ALA Dehydratase Deficiency Porphyria

Updated: Mar 25, 2021
  • Author: Smeeta Sinha, MD; Chief Editor: Emmanuel C Besa, MD  more...
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Practice Essentials

Porphyrias are diseases caused by enzymatic defects in the biosynthetic pathway of heme; sensorimotor neuropathy and cutaneous photosensitivity may manifest, depending on where in the pathway the insult occurs. Delta-aminolevulinic acid dehydratase (ALAD), also known as porphobilinogen synthase, catalyzes the second step of heme synthesis. Deficiency of this enzyme produces ALAD deficiency porphyria (ADP), an extremely rare cause of acute porphyria.

ADP is characterized by autosomal recessive inheritance and only neurovisceral manifestations. [1, 2, 3, 4]  In ADP the enzymatic activity is less than 3% of normal (asymptomatic carriers have 50% of normal enzyme activity). [5]

ADP was first described in 1979 and, to date, fewer than 10 cases have been identified and confirmed by gene mutation analysis. [6]



ALAD catalyzes the conversion of 2 molecules of delta-aminolevulinic acid (ALA) into the cyclic compound porphobilinogen (PBG). In ALAD deficiency porphyria (ADP), deficient ALAD activity leads to a build-up of upstream intermediates in the metabolic pathway. [4, 7] ALA accumulates in the body and is subsequently excreted in increased amounts in the urine. [1, 2, 3]

Decreased heme production de-represses ALA synthetase and further increases ALA levels. Urine coproporphyrin III and erythrocyte protoporphyrin IX levels are also elevated, although the pathogenesis of these findings is not understood. [8] Tissue accumulation of ALA, a neurotoxin, produces neurovisceral symptoms.

ALA synthetase activity is also closely associated with cytochrome P-450 activity. Induction of the P-450 system by exogenous agents causes ALA accumulation and predisposes patients to acute attacks of porphyria.

A review of the disease progression among the eight reported cases found an elevation in circulating levels of the rate-limiting hepatic enzyme 5-aminolevulinic acid synthase-1 (ALAS1) and response to treatment with hemin. The authors concluded that this finding suggests that the liver is an important source of excess ALA in ADP, although the marrow may also be a contributor. [9]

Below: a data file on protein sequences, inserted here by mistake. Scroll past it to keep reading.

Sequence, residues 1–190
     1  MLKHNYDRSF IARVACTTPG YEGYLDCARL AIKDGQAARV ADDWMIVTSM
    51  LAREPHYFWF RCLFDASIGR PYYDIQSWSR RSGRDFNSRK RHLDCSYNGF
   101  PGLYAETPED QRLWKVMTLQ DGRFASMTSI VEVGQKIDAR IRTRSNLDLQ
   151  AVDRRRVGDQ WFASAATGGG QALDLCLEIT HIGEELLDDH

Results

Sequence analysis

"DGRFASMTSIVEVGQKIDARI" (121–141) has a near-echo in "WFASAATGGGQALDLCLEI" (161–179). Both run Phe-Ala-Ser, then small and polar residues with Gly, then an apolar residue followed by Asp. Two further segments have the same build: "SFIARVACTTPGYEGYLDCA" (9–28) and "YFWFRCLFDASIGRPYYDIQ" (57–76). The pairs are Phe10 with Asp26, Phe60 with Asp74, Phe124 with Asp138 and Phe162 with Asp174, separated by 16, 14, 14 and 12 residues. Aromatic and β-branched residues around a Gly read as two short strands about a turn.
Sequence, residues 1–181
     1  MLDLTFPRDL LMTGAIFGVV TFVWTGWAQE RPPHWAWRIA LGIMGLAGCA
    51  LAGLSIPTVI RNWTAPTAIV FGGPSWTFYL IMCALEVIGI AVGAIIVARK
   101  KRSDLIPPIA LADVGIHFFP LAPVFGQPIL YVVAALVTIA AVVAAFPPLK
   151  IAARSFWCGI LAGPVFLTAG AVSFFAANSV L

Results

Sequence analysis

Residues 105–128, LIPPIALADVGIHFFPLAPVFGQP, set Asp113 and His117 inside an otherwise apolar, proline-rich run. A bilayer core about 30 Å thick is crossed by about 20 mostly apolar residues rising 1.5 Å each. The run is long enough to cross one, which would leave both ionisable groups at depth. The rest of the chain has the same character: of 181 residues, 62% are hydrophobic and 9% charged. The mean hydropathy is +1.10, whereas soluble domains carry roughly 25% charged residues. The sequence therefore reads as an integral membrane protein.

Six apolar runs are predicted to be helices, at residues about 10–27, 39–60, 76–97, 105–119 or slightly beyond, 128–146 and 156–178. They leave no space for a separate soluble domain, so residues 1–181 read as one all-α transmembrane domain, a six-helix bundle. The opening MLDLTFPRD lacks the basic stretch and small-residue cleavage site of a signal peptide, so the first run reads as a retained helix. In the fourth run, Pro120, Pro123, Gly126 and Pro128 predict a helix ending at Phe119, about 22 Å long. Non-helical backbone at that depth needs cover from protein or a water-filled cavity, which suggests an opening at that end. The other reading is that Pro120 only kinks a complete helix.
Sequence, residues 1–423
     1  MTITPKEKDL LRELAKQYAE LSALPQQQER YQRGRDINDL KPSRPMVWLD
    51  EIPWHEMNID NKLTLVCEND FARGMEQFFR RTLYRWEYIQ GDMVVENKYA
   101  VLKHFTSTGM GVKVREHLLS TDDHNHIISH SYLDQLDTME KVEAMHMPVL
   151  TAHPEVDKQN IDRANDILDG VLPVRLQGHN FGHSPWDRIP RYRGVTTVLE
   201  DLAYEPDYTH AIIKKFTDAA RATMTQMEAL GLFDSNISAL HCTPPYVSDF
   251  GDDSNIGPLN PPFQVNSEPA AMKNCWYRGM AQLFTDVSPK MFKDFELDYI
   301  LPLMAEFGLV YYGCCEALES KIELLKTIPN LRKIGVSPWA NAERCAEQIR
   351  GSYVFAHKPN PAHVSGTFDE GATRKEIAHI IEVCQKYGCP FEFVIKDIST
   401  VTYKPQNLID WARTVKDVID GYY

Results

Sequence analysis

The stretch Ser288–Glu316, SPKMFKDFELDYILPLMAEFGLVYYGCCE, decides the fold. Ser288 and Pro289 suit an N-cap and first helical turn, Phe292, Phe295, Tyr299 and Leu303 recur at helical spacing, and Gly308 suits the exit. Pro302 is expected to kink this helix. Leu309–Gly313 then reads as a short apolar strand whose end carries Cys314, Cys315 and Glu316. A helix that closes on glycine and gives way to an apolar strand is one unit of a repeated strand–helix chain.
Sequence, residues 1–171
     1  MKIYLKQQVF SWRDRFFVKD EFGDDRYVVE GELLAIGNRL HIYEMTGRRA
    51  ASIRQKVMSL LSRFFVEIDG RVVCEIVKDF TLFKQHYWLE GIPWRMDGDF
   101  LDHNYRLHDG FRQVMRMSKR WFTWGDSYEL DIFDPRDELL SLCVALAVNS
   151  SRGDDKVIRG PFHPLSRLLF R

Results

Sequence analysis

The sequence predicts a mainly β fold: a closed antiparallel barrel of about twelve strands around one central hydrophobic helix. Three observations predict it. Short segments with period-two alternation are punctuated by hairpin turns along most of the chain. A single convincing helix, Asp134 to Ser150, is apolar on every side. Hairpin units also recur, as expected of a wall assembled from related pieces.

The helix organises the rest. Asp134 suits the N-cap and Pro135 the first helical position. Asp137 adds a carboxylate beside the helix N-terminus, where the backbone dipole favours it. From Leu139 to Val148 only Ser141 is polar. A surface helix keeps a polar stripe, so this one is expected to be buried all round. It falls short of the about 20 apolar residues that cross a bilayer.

Lead poisoning may produce a clinical picture that mimics ADP. This condition is termed plumboporphyria, because the heavy metal is a potent inhibitor of ALAD. [1]



ALAD deficiency porphyria (ADP) is an autosomal recessive porphyria that results from mutations in the ALAD gene on chromosome band 9q34. The heterogeneity of the mutations accounts for the varied phenotypes in the studied cases. [10] Erythrocyte ALAD activity is less than 3% of normal in homozygotes and 50% of normal in heterozygotes. [5]

Precipitants of the acute attack include the following [11] :

  • Decreased caloric intake

  • Dehydration

  • Alcohol

  • Drugs that induce the cytochrome P-450 system: Classically unsafe drugs include barbiturates (eg, phenobarbital), phenytoin, griseofulvin, sulfonamides, and valproic acid

  • Estrogen or progesterone use

  • Acute physical and psychologic stressors

  • Infection



ADP is extremely rare. Only 8 confirmed cases of ALA dehydratase deficiency porphyria (ADP) have been reported worldwide, with only one of them in the United States. [11]

ADP occurs too rarely to determine the frequency in specific races. Of the 8 known cases, 6 were identified in Europe: 3 of the patients are of German lineage, 2 are Swedish, and 1 is Belgian. The seventh case was reported in the United States. [12]

No known reason for a sexual predilection exists for ADP. However, all 8 cases occurred in males.

The clinical onset of ADP typically occurs at birth or during childhood. However, late-onset disease has been recognized.



The 8 reported patients with ALAD deficiency porphyria (ADP) had markedly differing clinical courses. Patients with ADP have had highly variable presentations, ranging from failure to thrive in an infant to the development of a polyneuropathy in a 63-year-old man. Recurrent attacks of neurovisceral symptoms may be life threatening. 

Neurovisceral attacks can recur throughout adulthood in otherwise healthy individuals.

A Swedish boy who had experienced severe ALAD deficiency porphyria (ADP) attacks refractory to treatment since birth underwent liver transplantation at age 6. A modest improvement in symptoms was noted, but the child died from pneumonia at age 9. [13]

A patient who presented with late-onset porphyria died from a comorbid hematologic malignancy.


Patient Education

Patients with ALAD deficiency porphyria (ADP) should be informed about the triggers of acute ALAD deficiency porphyria (ADP), as well as safe medications (as discussed in Medication).

The American Porphyria Foundation Web site contains lists of safe and unsafe medications, along with other pertinent information for patients with porphyria diseases.